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Jul. 29 2010 — 5:11 pm | 62 views | 0 recommendations | 0 comments

It Never Ends

Thanks Andrea, for all the technical assistance.

Thanks Coates, for all your enthousiasm and your swift anwers to all my really dumb questions.

Thanks Michael, for your patience with me as a non-native speaker, all the language help that was needed and for nonetheless putting me on the frontpage again and again.

Thanks T/S-bloggers for all your wit, the fun and the feeling of being part of something special.

Thanks Lewis, for starting all this.

Thanks everybody at T/S – I’m going to miss you a lot.

Who ever wants to follow me around, I might be found on facebook, twitter and the rest. Also in Dutch, of course.

See you all, it never really ends.

Jul. 13 2010 — 10:15 am | 272 views | 0 recommendations | 1 comment

Celebrations for Dutch Soccer team in Amsterdam Canals

(C) Mathys van Abbe, Mobypicture

Jul. 12 2010 — 4:14 am | 252 views | 0 recommendations | 0 comments

Hope vs. Justice = Deepest Disappointment

The Dutch military approach, where victory was the only goal, was sustained for seven ugly World Cup matches. Understanding that this method was needed to reach the finals of the tournament, Dutch soccer fans were hopeful that their national team would eventually start playing the real football again. In vain.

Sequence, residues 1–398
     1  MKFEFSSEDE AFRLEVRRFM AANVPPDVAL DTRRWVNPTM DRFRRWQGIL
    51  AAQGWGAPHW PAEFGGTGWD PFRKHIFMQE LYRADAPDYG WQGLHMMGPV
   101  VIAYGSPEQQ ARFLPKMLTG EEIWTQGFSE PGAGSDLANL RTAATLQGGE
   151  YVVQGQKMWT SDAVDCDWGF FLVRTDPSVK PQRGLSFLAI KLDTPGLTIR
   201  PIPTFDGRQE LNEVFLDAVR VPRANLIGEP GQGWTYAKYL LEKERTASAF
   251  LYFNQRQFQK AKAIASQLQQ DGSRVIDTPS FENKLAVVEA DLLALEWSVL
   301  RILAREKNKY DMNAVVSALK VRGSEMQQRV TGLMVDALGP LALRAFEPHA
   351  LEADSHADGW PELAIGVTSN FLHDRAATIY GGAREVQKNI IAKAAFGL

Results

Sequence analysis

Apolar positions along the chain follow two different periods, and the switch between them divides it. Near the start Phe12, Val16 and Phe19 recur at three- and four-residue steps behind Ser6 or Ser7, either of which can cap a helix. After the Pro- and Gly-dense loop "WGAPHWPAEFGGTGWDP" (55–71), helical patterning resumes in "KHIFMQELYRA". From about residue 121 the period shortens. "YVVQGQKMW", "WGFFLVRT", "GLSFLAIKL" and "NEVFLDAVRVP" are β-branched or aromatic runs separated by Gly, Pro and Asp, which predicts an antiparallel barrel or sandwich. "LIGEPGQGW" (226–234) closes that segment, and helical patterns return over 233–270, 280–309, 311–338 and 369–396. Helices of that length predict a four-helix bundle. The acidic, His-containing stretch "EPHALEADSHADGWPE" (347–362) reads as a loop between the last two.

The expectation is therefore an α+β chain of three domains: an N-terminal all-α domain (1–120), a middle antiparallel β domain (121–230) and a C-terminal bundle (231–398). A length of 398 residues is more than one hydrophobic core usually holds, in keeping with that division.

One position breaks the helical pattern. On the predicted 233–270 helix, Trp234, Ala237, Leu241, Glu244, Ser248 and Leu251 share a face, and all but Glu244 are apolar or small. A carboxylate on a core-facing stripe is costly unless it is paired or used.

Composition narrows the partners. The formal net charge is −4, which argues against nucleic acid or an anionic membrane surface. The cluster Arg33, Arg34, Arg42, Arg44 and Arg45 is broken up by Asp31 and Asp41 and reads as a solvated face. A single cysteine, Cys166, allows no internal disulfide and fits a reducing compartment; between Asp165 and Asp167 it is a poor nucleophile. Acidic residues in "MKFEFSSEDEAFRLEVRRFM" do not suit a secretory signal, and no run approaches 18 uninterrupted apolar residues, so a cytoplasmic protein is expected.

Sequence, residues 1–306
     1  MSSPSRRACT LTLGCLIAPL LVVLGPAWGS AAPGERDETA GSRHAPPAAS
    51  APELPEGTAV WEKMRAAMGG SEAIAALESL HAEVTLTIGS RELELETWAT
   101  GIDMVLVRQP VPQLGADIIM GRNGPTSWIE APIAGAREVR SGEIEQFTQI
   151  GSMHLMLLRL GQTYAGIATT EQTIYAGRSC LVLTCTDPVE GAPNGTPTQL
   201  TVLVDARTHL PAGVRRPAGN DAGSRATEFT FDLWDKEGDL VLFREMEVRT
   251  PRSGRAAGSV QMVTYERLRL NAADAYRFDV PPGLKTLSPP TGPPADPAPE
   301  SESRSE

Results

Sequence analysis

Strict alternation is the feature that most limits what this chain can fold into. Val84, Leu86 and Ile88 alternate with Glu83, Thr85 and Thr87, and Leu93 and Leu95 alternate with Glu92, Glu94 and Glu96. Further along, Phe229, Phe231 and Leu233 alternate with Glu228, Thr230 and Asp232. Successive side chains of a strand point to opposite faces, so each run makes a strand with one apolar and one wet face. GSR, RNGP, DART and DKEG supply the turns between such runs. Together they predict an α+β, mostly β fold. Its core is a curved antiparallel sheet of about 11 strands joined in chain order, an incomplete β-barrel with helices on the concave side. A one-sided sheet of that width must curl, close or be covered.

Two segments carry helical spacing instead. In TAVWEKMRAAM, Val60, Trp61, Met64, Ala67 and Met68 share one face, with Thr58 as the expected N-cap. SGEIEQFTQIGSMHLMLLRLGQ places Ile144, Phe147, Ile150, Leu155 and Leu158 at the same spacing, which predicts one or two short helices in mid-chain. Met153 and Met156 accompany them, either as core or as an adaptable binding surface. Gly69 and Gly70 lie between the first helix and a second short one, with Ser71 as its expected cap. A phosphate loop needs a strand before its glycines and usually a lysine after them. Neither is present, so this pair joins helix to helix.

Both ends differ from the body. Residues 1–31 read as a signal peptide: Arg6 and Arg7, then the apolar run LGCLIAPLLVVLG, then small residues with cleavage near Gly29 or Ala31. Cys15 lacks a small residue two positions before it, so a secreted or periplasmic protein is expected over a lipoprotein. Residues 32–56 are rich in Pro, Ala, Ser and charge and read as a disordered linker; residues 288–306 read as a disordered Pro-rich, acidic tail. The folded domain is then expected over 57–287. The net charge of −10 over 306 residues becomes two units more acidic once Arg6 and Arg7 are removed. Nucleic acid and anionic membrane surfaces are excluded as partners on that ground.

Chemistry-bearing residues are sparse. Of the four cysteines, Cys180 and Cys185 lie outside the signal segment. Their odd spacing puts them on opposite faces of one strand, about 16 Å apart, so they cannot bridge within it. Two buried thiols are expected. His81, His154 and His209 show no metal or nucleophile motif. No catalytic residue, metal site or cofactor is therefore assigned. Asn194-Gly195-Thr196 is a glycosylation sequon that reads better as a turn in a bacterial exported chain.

In the end the Dutch team became the metaphor for a pale tournament, with hardly any highlights. Hope was cherished for over a month, but it didn’t last after all – justice was done by Spanish goal getter Iniesta and what was left was one big pool of disappointment.

Dutch newspapers this morning don’t focus on the ugly game that was played by their national team, nor on the un-Dutch approach (at moments the fans thought they were watching German, Italian or Argentine players instead), but only on the disappointing grand finale. ┬áThere even is some anger against the English referee, although this man obviously could have given the Dutch one or two extra red cards. And of course there is pride. “We fought like lions”, De Telegraaf writes.

In the mean time, the rest of the world (including the non-Spanish part of it) concludes that it would have been much better if the Dutch wouldn’t have reached the finals at all. That won’t stop the Dutch authorities – and fans – from giving their heroes a warm welcome when the return home. An “almost victory”-tour in the canals of Amsterdam will be held on Tuesday, next to a bunch of other celebrations.

Jul. 11 2010 — 7:11 am | 148 views | 0 recommendations | 0 comments

Amsterdam prepares for World Cup crowds in victory or defeat

1988, the national Dutch soccer team celebrates their European title in the canals of Amsterdam. (C) NOS

Not only in case of a Dutch victory in tonight’s Soccer World Cup Final, the city of Amsterdam is preparing “strong crowd management” for the next couple of days. “When we will become world champions, or even when we lose after a heroic battle, we consider asking non-residents to stay away from the city”, a spokesperson told city newspaper Het Parool.